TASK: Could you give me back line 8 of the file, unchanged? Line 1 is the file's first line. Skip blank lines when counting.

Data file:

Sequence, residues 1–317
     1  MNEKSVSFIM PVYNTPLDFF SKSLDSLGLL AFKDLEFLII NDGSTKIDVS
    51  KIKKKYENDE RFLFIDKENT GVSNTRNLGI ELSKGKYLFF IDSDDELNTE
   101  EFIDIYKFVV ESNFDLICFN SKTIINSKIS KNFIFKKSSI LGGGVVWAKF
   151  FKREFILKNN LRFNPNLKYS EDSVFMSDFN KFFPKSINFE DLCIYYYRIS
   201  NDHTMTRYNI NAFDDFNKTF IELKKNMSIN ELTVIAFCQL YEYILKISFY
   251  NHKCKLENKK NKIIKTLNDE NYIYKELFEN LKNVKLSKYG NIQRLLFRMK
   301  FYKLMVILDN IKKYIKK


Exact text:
   301  FYKLMVILDN IKKYIKK